The husband-and-wife attackers who killed 14 people at a holiday party had enough bullets and bombs to slaughter hundreds more, investigators said Thursday as they worked to figure out whether the rampage was terrorism, a workplace grudge or some combination.
The couple left behind three rigged-together pipe bombs with a remote-control detonating device that apparently malfunctioned, and they had more than 1,600 rounds of ammunition left when police shot and killed them in their rented SUV after an hours-long manhunt, police said.
At a family home, authorities also found 12 pipe bombs, tools for making more, and over 3,000 additional rounds of ammunition, Police Chief Jarrod Burguan said in a grim morning-after inventory that suggested Wednesday's bloodbath could have been far worse.
"We don't know if this was workplace rage or something larger or both," Attorney General Loretta Lynch said in Washington, echoing President Barack Obama. "At this point in time we don't know the motivation."
Wearing black tactical gear and wielding assault rifles, Syed Rizwan Farook, a 28-year-old county restaurant inspector, and his wife, Tashfeen Malik, 27, sprayed as many as 75 rounds into a room at a social service center for the disabled, where Farook's co-workers had gathered for a holiday banquet. Farook had attended the event but slipped out at some point, then returned in battle dress.
Four hours later and two miles away, the couple died in a furious gunbattle. They fired 76 rounds, while 23 law officers unleashed about 380, the police chief said.
Twenty-one people were injured before the day was out in this Southern California city of 214,000, including two police officers, authorities said. Two of the wounded remained in critical condition.
It was the nation's deadliest mass shooting since the Newtown, Connecticut, school tragedy three years ago that left 26 children and adults dead.
Authorities said the attack was carefully planned.
"There was obviously a mission here. We know that. We do not know why. We don't know if this was the intended target or if there was something that triggered him to do this immediately," David Bowdich, assistant director of the FBI's Los Angeles office, said as the bureau took over the investigation.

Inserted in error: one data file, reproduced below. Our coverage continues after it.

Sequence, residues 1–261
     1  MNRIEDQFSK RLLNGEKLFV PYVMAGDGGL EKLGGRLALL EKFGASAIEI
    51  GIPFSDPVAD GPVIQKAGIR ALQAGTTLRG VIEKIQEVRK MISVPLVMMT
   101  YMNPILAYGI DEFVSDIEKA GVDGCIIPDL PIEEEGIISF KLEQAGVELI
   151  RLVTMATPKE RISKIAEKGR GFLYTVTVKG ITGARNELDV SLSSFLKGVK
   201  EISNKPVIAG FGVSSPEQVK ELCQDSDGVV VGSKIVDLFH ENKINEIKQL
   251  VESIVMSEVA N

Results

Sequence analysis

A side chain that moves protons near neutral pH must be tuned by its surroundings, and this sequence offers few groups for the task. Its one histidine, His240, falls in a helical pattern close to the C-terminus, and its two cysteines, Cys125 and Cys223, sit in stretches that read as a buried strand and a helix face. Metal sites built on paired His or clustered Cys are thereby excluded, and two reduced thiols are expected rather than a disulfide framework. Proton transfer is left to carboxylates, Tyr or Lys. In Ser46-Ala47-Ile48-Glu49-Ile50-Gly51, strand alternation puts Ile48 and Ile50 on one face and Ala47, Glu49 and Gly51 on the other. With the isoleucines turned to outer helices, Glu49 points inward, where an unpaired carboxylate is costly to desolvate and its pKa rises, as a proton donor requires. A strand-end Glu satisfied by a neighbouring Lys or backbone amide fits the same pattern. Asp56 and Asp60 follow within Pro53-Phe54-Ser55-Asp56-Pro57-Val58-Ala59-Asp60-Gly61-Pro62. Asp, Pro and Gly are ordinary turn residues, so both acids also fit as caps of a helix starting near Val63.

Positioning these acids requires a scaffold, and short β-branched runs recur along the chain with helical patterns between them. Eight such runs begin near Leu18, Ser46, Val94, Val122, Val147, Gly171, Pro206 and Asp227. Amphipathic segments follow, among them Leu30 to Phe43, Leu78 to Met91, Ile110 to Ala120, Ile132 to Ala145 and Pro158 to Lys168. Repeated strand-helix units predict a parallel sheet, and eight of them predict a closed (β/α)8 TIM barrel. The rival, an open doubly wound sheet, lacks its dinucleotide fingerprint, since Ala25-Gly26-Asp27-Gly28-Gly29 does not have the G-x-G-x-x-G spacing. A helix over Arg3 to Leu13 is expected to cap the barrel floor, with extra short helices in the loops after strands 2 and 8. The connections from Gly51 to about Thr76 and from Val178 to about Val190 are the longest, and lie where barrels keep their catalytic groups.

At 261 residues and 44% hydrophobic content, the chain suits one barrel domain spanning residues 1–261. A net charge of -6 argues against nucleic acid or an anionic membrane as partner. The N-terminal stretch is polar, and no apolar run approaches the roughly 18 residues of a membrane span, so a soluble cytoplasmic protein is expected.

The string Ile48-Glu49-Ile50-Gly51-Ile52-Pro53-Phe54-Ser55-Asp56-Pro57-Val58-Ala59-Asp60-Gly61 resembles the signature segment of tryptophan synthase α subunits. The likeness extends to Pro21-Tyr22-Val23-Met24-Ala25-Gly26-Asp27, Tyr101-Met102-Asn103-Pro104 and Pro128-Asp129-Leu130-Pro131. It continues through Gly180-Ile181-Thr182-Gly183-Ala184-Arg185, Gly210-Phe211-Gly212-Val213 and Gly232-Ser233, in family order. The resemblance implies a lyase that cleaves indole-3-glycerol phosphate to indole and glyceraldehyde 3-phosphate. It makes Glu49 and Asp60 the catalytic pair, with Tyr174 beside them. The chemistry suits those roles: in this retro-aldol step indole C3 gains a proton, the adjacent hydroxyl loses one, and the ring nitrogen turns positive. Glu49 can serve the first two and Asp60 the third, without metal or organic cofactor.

Farook has no known criminal record, Burguan said. He was born in Chicago to a Pakistani family, was raised in Southern California and worked at San Bernardino County's Department of Public Health for five years, according to authorities and acquaintances. The Saudi Embassy said he traveled to Saudi Arabia in the summer of 2014 for nine days.
As for Malik, she came to the U.S. in July 2014 on a Pakistani passport and a fiancée visa, authorities said. To get the visa, immigrants submit to an interview and biometric and background checks — screening intended to identify anyone who might pose a threat.
Adam Lankford, a criminal justice professor at the University of Alabama, said his review of mass public shootings in the U.S. indicates this is the first one in recent history to involve a male-female team.
Federal authorities said that Farook legally bought two handguns used in the massacre and that their two assault rifles were legally bought by someone else. They did not say how the rifles got into the attackers' hands.
The stockpile of pipe bombs, tools and ammunition was found at a home in Redlands, about 7 miles from the massacre at the Inland Regional Center. Investigators said that Farook and his wife were listed on the rental agreement but that it wasn't yet clear whether they lived there.
Before they went on the rampage, couple dropped off their 6-month-old daughter with relatives Wednesday morning, saying they had a doctor's appointment, according to Hussam Ayloush, executive director of the Council on American-Islamic Relations.
Co-worker Patrick Baccari said he was sitting at the same banquet table as Farook before Farook suddenly disappeared, leaving his coat on his chair. Baccari said that when the shooting started, he took refuge in a bathroom and suffered minor wounds from shrapnel slicing through the wall.
The shooting lasted about five minutes, he said, and when he looked in the mirror he realized he was bleeding.
"If I hadn't been in the bathroom, I'd probably be laying dead on the floor," he said.
As for any workplace conflicts, Baccari said that up until then Farook showed no signs of unusual behavior and was a reserved young man.
Two weeks ago, Farook and one of the co-workers he killed, 52-year-old Nicholas Thalasinos, had a heated conversation about Islam, according to Kuuleme Stephens, a friend of the victim's.
Stephens said she happened to call Thalasinos while he was at work and having a discussion with Farook. She said Thalasino told her that Farook "doesn't agree that Islam is not a peaceful religion."
Among the wounded was Julie Paez, who was at the holiday party. Paez, who tests water for the health department, was shot at least twice, and her pelvis was shattered by a bullet, according to her son, Nick Paez.
She managed to send her family a message through a group chat app to say she had been shot, and she included a selfie of just her face.
"It was a picture of her with a half-smile," her son said. "She just wanted to send us something so we would know what was happening."